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By Michael Coveney, Head of Research at FP&A Trends Group
In this series of 9 blogs, we are looking at the changes that need to occur within an FP&A department to cope with the impact of today’s analytic technologies. This is the fourth blog that covers the role of the FP&A Analyst.
Imagine for a moment that you have just been in charge of a North Sea drilling platform looking for oil. You understand from conversations how the rig works; you know that there is oil beneath you and that you cannot simply start drilling straight down as there are many things to consider. Things such as the geology of the ground won’t allow a vertical shaft. Instead, the drill will have to make many twists and turns as it navigates its way through the different layers of rock strata. Much of this you won’t know about until an obstacle is found that necessitates a change in strategy, such as heading in a different direction or maybe using a different drill bit. However, the ultimate goal remains the same - oil.
To have any chance of success, drilling platforms need specialists who know what they’re doing and what to look out for. People who can operate the drill head and, just as important, those who understand the tell-tale signs of what the drill is going through can then recommend changes as it navigates through a vast amount of rock. For these people, knowing what is important and what isn’t is vital if the rig is going to hopefully find oil.
The same is just as true when analysing vast quantities of data. Just pointing the latest analytical software at a stack of data in the hope of finding something useful is not going to work. Yes, they may uncover ‘fool’s gold’ – interesting facts on data relationships, but the true nuggets of intelligence will remain hidden. What is required are specialists in analytic tools associated with large quantities of data - often known as ‘Big Data’. People who understand the tell-tale signs of what the analyses reveal can then change the focus of exploration. For these people, knowing what is important and what isn’t as the tools navigate through a vast amount of data is vital if the data is going to reveal ‘oil’. And that’s where the FP&A Analyst comes in.
In the past, all an analyst needed to know was Excel. But as data volumes increased and multidimensional technology evolved, analysts had new tools to analyse data from different perspectives, identify time-series trends, and set up alerts when values exceeded set parameters. As analytic technology matured, statistical techniques were embedded into applications that allowed simple forms of correlation which could then be used to build driver-based models to predict future events. All are still within the capabilities of the average accountant.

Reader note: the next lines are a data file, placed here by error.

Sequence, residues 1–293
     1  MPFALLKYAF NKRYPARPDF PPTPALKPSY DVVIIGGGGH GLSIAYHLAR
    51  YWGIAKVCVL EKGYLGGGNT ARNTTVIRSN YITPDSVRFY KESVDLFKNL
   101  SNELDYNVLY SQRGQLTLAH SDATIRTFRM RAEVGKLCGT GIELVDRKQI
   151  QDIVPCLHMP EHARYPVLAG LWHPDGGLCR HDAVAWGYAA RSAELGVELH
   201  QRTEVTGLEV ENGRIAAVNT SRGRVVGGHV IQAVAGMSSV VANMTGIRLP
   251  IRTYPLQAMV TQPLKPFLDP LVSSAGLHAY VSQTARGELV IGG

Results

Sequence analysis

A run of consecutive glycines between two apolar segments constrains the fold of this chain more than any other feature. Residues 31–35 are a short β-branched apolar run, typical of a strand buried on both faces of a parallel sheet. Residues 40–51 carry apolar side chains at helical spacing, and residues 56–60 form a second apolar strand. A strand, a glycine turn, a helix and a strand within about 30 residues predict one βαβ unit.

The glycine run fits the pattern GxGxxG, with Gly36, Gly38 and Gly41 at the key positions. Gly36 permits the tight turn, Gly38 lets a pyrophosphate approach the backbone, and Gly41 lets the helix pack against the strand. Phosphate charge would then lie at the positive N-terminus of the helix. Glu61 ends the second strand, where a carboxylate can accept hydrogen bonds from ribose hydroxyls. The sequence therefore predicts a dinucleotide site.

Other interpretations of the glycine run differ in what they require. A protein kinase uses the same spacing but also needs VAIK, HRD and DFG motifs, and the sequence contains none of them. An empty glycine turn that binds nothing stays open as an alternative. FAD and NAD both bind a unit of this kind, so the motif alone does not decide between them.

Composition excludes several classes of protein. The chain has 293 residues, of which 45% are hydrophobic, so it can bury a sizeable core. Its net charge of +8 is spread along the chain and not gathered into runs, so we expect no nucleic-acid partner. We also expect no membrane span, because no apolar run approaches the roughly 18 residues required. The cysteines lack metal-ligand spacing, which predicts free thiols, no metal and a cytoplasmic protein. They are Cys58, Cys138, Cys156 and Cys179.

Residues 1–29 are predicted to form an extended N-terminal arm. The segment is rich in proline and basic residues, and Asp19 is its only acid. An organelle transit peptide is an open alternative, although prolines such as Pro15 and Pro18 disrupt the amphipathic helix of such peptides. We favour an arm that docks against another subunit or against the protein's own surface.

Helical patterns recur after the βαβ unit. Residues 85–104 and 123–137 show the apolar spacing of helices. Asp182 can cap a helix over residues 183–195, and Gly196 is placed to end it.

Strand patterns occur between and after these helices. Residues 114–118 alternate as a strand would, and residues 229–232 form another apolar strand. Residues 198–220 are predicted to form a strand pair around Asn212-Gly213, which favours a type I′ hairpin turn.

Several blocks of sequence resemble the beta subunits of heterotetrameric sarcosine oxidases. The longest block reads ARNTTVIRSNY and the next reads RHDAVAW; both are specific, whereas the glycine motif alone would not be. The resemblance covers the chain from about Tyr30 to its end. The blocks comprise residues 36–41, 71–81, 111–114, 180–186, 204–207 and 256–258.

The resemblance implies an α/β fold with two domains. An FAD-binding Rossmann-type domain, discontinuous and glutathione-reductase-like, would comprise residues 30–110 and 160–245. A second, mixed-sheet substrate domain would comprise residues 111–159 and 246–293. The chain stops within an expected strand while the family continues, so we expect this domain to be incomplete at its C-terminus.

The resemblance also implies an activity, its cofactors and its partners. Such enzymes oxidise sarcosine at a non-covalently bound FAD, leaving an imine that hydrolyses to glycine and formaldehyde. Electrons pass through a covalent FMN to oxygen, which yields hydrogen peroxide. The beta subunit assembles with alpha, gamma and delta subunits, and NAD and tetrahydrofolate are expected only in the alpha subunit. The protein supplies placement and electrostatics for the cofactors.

However, technology, in recent years, has moved on considerably. Today, FP&A departments have access to vast quantities of data that includes non-numeric types such as documents and video, which older analytic systems can’t handle. In addition, quite often, that data is unstructured – i.e. it is stored in a way that does not fit into the standard relational and multidimensional model and so needs to be analysed very differently. This has led rise to sophisticated analytic systems that are complex, very technical and way beyond the capabilities of traditional accountants and those trained in using traditional database technologies.
These new technologies are for specialist staff that we have called FP&A Analysts.
The ideal FP&A Analyst should be skilled in the latest technologies, including the various unstructured databases (also known as NoSQL) that hold the data. These people move in the same realm as ‘Data Scientists’ who understand statistical methods and can apply them using Big Data analytic technologies. They are skilled in searching for relationships and discovering patterns typically hidden from traditional methods. And they can change their search on what to look for, depending on what the data reveals.
FP&A Analysts will typically come from academia, with an excellent mathematical and computer science background, who understand the business world and the latest developments in IT. They typically like to work alone and have the traits of curiosity, clarity and creativity. Curiosity in that they must be able to ask questions about the data and stay abreast of how the software being used is evolving. The clarity in that they must be clear as to what the analyses actually reveal, and Creativity in that the best way data is combined and interrogated may not necessarily be the most logical way.
Like FP&A Architects mentioned in a previous blog, ideal candidates are rare but worth their weight in gold. Without them, practically all of the value kept in an unstructured form will be lost. With them, a whole new world of analytics is opened up to an organisation. And who knows what might be discovered.
The article was first published in the D!gitalist Magazine
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